I LOVED this book. I found it SO WELL WRITTEN, so witty and funny and reading it I was often envious of Ruth Whippman’s facility with language. It is a hugely engaging read, accessible and so relevant ... I really, really, really, really enjoyed it and am quite evangelical about it.
Marian Keyes, author of THE WOMAN WHO STOLE MY LIFE
Like Bill Bryson, Whippman has a willingness to play up cultural differences to comic effect … She also has Bryson’s sharp ear for language ... With warm wit and chilling logic, The Pursuit of Happiness shows that the human desire for contentment can be manipulated and distorted until it is barely recognisable ... A whip-smart British Bill Bryson.
[Ruth Whippman] writes with sharpness and wit
Ruth Whippman is my new favorite cultural critic, and her book was such a joy to read that I temporarily forgot about all my neuroses. It’s a shrewd, hilarious analysis of why a country obsessed with happiness is so darn unhappy.
Adam Grant, author of GIVE AND TAKE, ORIGINALS, and OPTION B (coauthored with Sheryl Sandberg)
Those wanting to understand the complex reality of our personal quest for happiness might usefully turn to Ruth Whippman’s The Pursuit of Happiness – the lively memoir of a British journalist in California, on the hunt for that elusive but, as she sees it, increasingly sought-after, American ideal of happiness … Whippman – whose narrative voice is an unlikely mix of Kathy Lette’s and Louis Theroux’s – has followed her husband to Silicon Valley to start a new life … Whippman argues persuasively that happiness is something that emerges from the quality of relationships we have with others … The Pursuit of Happiness also sheds light on the link between religion and happiness.
Times Literary Supplement
She writes with a light touch ... Her conclusions are amusing and offer a useful commentary on this age of materialism and gloating.
Wry and often hilarious … Whippman takes readers on an engaging and perceptive personal romp through the $10 billion happiness industry, and, along the way, shreds much of the 'science' that happiness is both an individual responsibility and a solo endeavour. A great - and important – read.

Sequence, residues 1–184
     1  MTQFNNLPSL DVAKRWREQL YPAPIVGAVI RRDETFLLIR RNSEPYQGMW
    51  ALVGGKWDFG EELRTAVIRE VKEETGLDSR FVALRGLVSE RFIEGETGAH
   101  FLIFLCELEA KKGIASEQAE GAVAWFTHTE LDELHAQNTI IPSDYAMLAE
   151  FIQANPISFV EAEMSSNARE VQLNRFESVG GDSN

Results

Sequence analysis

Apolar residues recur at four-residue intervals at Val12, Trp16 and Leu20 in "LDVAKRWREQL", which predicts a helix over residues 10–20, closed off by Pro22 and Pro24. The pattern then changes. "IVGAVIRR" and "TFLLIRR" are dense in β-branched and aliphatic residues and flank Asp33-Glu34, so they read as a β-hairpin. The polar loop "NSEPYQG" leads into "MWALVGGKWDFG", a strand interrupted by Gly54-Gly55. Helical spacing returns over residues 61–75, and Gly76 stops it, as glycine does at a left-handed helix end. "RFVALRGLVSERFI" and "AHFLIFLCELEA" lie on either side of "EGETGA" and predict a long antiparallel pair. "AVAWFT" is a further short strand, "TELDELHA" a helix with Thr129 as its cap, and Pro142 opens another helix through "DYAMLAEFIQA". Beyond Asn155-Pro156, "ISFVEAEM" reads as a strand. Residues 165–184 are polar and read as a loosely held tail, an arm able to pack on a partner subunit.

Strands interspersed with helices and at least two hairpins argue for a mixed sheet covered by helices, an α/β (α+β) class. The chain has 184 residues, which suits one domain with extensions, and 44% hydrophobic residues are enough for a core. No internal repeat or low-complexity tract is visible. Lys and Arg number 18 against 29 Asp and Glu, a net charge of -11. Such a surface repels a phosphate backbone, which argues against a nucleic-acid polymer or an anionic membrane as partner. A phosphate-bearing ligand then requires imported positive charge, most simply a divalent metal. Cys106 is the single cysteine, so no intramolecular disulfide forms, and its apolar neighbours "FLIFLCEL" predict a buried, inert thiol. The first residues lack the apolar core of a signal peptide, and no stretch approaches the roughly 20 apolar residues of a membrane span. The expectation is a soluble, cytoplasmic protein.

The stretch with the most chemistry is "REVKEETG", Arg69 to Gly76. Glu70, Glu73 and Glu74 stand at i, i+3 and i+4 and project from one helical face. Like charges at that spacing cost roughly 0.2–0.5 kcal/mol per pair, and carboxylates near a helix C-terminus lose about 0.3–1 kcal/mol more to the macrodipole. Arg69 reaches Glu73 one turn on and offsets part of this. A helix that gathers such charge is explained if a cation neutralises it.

Brigid Schulte, author of New York Times Bestseller OVERWHELMED: WORK, LOVE & PLAY WHEN NO ONE HAS THE TIME
Ruth Whippman manages the trick of being funny about what is, deep down, a serious problem
Oliver Burkeman, Guardian columnist and author of THE ANTIDOTE: HAPPINESS FOR PEOPLE WHO CAN'T STAND POSITIVE THINKING
If you're on a quest for happiness, you want to start with buying this book. Wit, wisdom, and the kind of analysis only a Brit could bring to the topics of anxiety and contentment ... I laughed my way through it.
Linda Tirado, author of HAND TO MOUTH: LIVING IN BOOTSTRAP AMERICA
With insight and intellect, Whippman brings a fresh perspective to American culture that is almost impossible to find in today’s positivity-at-all-costs ethos ... a vibrant, hilarious, necessary book.
Tara Conklin, author of New York Times bestseller, THE HOUSE GIRL
Ruth Whippman cuts to the heart of America's obsession with happiness - and the strange and wonderful things we do to obtain it ... a funny, timely book that everyone should read
Jessica Valenti, author of FULL FRONTAL FEMINISM AND SEX OBJECT
For anyone who has fallen prey to a book promising the secret of a happy life, and then failed to feel any happier, THIS book, by Whippman, might just provide the answers you didn't even know you were seeking.
Malena Watrous, author of IF YOU FOLLOW ME and Lead Instructor, Online Creative Writing, Stanford University
So well-written and witty, you won’t notice that Whippman is delivering a devastating verdict on positive psychology as pseudoscience.
Dr James Coyne, Professor Emeritus of Psychology, University of Pennsylvania
Ruth Whippman captures the absurdity of our late capitalist moment with sharp, insightful prose and a wicked sense of humor that makes every single page a pure joy to read. The Pursuit of Happiness not only entertains without fail, but it also offers a wealth of devastating insights into how our culture demands happiness of us in ways that only seem to make us miserable ... I don't think I've enjoyed cultural observations this much since David Foster Wallace's A Supposedly Fun Thing I'll Never Do Again. Reading this book is like touring America with a scary-smart friend who can't stop elbowing you in the ribs and saying, "Are you seeing what I'm seeing?!" If you want to understand why our culture incites pure dread and alienation in so many of us (often without always recognizing it), read this book.
Heather Havrilesky, writer behind "Ask Polly" for New York Magazine and author of How to Be a Person in the World
January 3, 2017
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